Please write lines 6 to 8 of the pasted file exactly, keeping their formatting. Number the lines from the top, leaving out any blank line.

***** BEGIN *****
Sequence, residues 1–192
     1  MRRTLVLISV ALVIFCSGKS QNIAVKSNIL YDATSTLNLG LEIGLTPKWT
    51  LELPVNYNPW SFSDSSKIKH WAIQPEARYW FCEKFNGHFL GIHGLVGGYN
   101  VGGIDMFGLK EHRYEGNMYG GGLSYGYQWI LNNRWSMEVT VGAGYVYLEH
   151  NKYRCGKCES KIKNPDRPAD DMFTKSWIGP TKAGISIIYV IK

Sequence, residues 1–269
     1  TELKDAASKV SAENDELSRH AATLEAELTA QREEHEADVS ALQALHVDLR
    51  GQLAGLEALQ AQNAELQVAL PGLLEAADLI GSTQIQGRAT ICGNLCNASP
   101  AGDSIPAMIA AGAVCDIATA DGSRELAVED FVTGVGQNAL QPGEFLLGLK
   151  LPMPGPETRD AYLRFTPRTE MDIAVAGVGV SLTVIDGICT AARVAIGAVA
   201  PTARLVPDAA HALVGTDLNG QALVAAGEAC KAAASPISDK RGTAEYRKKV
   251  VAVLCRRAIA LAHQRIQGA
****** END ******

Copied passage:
Sequence, residues 1–269
     1  TELKDAASKV SAENDELSRH AATLEAELTA QREEHEADVS ALQALHVDLR
    51  GQLAGLEALQ AQNAELQVAL PGLLEAADLI GSTQIQGRAT ICGNLCNASP